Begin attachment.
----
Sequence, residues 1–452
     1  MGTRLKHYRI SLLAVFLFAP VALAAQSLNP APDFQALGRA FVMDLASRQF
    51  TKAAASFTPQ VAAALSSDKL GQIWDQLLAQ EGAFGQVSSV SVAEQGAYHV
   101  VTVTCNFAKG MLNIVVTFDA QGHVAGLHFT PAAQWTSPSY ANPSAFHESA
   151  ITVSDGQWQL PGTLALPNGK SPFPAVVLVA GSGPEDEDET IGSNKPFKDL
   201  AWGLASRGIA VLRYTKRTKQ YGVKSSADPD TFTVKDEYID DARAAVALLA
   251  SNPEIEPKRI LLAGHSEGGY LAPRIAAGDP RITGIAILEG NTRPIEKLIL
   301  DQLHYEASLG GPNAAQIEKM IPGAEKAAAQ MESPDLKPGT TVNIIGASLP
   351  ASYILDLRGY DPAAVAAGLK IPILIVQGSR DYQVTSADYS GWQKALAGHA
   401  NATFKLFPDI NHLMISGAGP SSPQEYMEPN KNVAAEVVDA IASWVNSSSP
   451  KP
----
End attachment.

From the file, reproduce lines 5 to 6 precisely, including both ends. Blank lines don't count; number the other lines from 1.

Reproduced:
   151  ITVSDGQWQL PGTLALPNGK SPFPAVVLVA GSGPEDEDET IGSNKPFKDL
   201  AWGLASRGIA VLRYTKRTKQ YGVKSSADPD TFTVKDEYID DARAAVALLA